It was a perfect murder.
The victim’s body lay undetected for over 5,000 years, and even after it was discovered, it took a decade for scientists to realize they were dealing with a murder victim. Forensic analysis of the Iceman not only pulled back the curtains on a Stone Age murder cover-up, it also showcased just how far back the long arm of modern forensic science can reach.
Discovery of the Iceman
It was on a sunny, late summer afternoon on September 19, 1991 that two German hikers decided to take a shortcut. Helmut and Erika Simon had been descending from the Finail peak in the Ötztal Alps near the Austrian-Italian border when they left the footpath to traverse a plateau beside a rocky gully with glacial meltwater. The glacier’s retreat had only recently revealed the gully. In 1922, when the Austrian-Italian border was established, the gully lay under 20 meters of snow and ice. Picking their way through the rocks, the Simons noticed something brown on the floor of the gully. They approached to inspect it, and to their horror, realized it was the head and shoulders of a human corpse jutting out of the ice and water. Helmut snapped a picture and the couple hurried down the mountain to notify the police.
Austrian police and mountain rescuers were at the scene the following day, but recovery was difficult. In order to free the corpse from a gully full of running meltwater, the men had to work underwater. They worked for four days before they could hack the corpse out of the ice. A helicopter flew the body, along with pieces of clothing and equipment that emerged in the ice water, down the mountain. A hearse then transported it to the Institute of Forensic Medicine in Innsbruck, Austria, where the frozen man’s equipment raised a few eyebrows. The Austrians called in an archaeologist. It was an axe that caught the expert’s attention. Based on its make, he immediately dated the find as “at least four thousand years old.” Thus began a historical and media sensation. Ötzi (“Ertsie”), as the media dubbed him, turned out to be the oldest well-preserved mummy in the world. Radiocarbon dating confirmed the archaeologist: Ötzi lived between 3,350 and 3080 B.C.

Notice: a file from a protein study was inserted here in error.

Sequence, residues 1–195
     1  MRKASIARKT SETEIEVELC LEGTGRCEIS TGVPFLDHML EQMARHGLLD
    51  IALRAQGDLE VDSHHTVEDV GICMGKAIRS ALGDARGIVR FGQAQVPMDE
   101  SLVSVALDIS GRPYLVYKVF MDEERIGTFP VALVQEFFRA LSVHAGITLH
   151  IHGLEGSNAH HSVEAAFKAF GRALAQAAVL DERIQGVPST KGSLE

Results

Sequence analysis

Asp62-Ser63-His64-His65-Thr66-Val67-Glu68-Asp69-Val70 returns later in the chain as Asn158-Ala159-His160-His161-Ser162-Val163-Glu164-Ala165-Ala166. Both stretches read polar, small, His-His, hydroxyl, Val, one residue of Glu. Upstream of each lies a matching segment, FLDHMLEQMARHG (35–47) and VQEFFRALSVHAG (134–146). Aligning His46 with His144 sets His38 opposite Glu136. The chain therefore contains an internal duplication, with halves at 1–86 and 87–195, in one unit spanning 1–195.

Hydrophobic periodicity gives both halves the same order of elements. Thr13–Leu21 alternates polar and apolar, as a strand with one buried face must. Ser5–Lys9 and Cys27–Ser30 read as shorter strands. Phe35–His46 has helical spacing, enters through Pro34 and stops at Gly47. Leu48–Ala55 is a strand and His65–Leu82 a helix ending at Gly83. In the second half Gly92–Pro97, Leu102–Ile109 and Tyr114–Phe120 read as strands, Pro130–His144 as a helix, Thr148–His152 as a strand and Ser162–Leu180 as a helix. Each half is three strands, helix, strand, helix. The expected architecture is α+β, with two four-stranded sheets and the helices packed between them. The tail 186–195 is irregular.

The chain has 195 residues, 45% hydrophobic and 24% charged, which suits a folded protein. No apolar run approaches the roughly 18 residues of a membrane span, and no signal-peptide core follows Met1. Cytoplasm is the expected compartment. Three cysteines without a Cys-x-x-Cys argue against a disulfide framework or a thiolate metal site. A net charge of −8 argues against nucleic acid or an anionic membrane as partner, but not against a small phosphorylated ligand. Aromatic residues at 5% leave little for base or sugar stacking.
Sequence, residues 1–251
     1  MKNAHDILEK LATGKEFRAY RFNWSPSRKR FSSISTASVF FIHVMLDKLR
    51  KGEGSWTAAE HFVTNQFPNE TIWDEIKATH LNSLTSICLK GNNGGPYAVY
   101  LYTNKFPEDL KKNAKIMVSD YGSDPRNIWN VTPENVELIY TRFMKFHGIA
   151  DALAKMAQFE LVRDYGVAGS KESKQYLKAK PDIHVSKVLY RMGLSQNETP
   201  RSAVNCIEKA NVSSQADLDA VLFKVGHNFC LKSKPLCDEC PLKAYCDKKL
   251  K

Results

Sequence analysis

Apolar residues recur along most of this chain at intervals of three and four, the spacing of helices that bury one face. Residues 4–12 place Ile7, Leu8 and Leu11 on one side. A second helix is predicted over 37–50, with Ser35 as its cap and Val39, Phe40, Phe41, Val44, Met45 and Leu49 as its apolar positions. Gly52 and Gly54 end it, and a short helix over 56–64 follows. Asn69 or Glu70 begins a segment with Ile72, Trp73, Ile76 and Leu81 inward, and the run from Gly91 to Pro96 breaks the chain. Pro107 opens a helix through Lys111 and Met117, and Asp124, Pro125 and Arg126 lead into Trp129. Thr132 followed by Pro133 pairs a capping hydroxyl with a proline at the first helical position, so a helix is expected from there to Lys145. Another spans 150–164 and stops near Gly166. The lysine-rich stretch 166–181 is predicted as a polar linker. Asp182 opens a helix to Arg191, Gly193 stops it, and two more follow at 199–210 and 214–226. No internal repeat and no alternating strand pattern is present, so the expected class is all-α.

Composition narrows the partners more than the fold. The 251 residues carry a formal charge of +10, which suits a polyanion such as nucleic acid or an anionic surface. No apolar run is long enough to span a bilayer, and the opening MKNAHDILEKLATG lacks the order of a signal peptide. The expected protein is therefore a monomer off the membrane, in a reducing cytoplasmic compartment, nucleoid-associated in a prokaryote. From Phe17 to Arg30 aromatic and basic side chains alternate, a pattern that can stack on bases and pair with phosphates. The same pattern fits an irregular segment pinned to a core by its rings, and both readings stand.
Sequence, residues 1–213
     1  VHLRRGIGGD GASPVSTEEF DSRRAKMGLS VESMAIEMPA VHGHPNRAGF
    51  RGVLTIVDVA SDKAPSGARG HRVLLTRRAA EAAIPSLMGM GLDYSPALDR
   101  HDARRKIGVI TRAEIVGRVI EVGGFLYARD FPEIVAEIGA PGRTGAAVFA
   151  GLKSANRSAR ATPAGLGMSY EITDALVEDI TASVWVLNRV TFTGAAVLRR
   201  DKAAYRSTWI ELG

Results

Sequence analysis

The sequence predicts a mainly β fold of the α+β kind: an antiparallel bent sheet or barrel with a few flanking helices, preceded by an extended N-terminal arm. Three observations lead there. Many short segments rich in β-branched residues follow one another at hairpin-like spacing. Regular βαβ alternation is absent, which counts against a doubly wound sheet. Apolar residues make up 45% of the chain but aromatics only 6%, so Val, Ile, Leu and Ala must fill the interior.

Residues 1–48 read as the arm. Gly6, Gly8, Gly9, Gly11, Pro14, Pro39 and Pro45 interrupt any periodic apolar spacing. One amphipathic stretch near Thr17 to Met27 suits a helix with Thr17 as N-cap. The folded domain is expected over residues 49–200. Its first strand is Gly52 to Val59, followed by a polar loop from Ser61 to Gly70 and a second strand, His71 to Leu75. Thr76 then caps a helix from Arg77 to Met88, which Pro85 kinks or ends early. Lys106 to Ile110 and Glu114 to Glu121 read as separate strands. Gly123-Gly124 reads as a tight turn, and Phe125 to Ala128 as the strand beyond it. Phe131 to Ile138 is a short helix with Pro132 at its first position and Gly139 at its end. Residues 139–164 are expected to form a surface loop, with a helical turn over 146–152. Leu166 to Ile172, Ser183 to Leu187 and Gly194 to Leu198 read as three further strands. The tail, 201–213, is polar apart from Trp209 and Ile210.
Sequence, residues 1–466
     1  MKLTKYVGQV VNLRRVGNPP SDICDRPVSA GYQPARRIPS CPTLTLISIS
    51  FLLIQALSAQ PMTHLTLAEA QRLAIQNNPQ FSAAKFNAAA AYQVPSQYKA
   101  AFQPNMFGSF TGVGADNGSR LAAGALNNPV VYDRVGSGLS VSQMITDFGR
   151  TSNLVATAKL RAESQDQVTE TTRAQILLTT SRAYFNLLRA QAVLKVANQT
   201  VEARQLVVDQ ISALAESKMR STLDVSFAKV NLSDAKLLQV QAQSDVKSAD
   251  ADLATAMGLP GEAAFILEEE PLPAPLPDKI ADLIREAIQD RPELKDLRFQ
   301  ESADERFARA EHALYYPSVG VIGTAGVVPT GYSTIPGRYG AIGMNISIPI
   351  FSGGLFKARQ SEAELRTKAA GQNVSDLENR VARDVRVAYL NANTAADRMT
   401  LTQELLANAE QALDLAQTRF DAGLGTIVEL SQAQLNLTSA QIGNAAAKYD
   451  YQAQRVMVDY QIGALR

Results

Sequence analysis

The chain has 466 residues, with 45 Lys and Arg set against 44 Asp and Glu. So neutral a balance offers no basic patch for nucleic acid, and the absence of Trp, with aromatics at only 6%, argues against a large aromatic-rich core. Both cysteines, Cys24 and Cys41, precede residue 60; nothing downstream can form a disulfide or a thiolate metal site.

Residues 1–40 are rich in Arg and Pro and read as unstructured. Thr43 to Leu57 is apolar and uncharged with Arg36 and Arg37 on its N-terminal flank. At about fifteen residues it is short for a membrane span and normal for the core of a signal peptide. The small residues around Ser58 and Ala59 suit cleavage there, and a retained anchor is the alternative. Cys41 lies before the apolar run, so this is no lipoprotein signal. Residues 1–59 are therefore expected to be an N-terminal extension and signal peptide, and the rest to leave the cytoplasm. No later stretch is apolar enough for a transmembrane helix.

Clues to the Iceman’s Life
Archaeologists were able to paint some of Özti’s biography with broad brush strokes. Pollen analysis indicated he lived south of the mountains and died in the late spring, probably in June. His clothing – a bearskin cap, leggings, loincloth, shoes, and cape – were well suited to cold and high altitudes, so the Iceman probably planned his trip up the Alps. And the equipment he brought with him – tools and a primitive first-aid kit – suggested he was on a long journey. Ötzi’s copper axe represented rare, valuable, state-of-the-art technology for the cusp of the Bronze Age, suggesting that the Iceman was a person of high status in his culture.
Modern forensic techniques, however, gave the Iceman a megaphone to announce to the world he had been murdered. Computer tomography revealed an arrowhead in Ötzi’s left shoulder in 2001. Someone had shot him from behind. That shot was no accident. Hunters of the Middle Stone Age favored the left shoulder as a target for a deadly chest shot.